Singapore iGEM Team
After reading that we were continuing on from last year’s project, the NTU-Singapore team approached us offering to help us knock in our very large plasmids (>10kbp). After further discussion we decided against this option as it would be too hard to coordinate in the little time we had left (September to October)
Coincidentally, we started a CRISPR-Cas9 approach this year as well. This led to the sharing of ideas and developed into other possible collaborative work. For our CRISPR-Cas9 project, we managed to show in vitro that our gRNA-Cas9 complex was able to target and cleave the PCR product of our target gene, hemH. This assay also provides a quick and easy test to their Cas9, which was their overall goal. Our collaboration involved testing their Cas9 in bacterial cells which would help to characterise their Cas9 functions when compared against the commercial Cas9 we acquired for our own experiments.
To facilitate this, NTU-Singapore did a purification tag switch (FLAG to 6xHis) so that we could purify their mutants of interest with high yields for characterisation using our in vitro assay design. In return, they attempted to help us generate a hemH knockout, and perform RT-PCR on our Magnesium chelatase plasmid containing 6 genes, for which we have functional assays to show that it works.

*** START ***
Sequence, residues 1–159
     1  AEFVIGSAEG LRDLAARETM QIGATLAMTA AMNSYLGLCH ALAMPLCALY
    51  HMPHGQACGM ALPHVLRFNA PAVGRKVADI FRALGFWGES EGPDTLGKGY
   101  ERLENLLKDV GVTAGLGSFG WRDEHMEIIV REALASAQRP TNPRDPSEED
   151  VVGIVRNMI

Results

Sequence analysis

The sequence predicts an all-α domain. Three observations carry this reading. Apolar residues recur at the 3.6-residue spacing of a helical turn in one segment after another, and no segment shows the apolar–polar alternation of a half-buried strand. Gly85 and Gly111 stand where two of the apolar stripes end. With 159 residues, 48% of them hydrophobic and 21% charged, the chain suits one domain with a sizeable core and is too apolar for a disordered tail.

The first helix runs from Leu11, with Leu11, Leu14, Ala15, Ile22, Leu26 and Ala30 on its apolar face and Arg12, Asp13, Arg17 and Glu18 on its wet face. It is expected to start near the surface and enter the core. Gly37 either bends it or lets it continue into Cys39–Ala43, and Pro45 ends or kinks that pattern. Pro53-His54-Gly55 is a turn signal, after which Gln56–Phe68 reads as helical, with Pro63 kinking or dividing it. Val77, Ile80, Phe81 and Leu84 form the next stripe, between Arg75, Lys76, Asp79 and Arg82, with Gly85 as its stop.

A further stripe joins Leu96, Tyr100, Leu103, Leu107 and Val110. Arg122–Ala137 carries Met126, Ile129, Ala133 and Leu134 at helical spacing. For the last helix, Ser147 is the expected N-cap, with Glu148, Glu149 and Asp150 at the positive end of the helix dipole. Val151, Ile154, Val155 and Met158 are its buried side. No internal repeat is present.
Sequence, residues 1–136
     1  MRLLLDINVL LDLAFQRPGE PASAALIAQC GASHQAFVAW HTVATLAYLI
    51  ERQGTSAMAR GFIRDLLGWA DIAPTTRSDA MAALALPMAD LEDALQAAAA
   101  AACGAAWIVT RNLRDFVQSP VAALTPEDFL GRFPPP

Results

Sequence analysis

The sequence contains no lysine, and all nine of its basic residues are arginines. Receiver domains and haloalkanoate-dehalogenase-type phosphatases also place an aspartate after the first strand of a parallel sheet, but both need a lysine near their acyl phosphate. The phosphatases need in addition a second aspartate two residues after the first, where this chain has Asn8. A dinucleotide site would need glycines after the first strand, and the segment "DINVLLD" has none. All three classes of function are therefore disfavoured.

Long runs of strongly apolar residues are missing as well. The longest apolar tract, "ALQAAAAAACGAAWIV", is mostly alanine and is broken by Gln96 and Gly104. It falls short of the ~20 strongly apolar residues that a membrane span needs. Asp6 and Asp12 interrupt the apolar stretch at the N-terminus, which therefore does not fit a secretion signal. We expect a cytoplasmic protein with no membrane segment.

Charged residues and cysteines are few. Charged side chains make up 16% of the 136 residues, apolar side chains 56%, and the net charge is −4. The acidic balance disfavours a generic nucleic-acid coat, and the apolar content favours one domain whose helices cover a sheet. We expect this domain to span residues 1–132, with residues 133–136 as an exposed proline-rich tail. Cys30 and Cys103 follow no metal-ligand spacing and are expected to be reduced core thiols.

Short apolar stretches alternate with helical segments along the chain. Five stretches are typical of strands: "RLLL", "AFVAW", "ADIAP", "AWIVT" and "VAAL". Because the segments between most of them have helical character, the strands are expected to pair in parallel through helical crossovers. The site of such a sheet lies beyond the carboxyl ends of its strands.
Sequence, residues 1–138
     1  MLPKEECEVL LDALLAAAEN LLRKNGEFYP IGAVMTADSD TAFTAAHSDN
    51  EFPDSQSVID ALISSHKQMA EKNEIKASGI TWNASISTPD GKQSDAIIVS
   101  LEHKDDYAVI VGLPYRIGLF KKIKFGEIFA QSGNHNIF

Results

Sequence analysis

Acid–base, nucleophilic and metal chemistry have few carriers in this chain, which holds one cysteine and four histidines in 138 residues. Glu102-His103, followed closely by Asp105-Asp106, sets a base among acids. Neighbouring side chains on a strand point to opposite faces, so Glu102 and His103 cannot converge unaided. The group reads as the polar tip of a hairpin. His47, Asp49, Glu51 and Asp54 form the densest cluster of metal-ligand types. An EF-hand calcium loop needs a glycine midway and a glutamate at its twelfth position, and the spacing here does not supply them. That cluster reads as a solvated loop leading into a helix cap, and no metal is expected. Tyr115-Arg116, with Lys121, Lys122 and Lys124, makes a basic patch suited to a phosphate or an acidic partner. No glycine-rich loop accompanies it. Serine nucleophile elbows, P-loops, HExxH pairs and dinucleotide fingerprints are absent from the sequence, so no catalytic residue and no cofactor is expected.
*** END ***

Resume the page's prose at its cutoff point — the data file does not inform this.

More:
In summary what we did for them:
- Sent the NTU-Singapore team our Mg-chelatase operon plasmids and primers designed
for each gene for the RT-PCR
- Purified and characterised their Cas9 mutants of interest proving their mutant enzyme functions
What they did for us:
- Sent us their Cas9 mutant plasmids after cloning in a His-tag
- Attempted to generate hemH Knockout
- Performed RT-PCR of the genes in our Mg-chelatase operon
Fig 1. Digests of the Ferrochelatase PCR product target, by the two Cas9 mutants, and the wild type Cas9.
Shown above are the in vitro confirmations of the functional CRISPR/Cas9
from NTU-Singapore. The three Cas9 proteins that were studied in this experiment:
wild type (Wt), 459 mutant (BBa_K2130002), 462 mutant (BBa_K2130001)
. All three were
seen to cut our Ferrochelatase PCR product target, amplified in earlier weeks. This digestion was confirmed against
the negative control without
Cas9, and the commercial Cas9, as the Ferrochelatase
was seen to be accurately cleaved into a 850bp fragment and a 150bp fragment, the lower band of less than 100bp is the excess gRNA duplex. From our efforts, we
have proven that their mutant Cas9 is functional in vitro, providing first evidence for the NTU Singapore team that these 2 mutants are functional nucleases.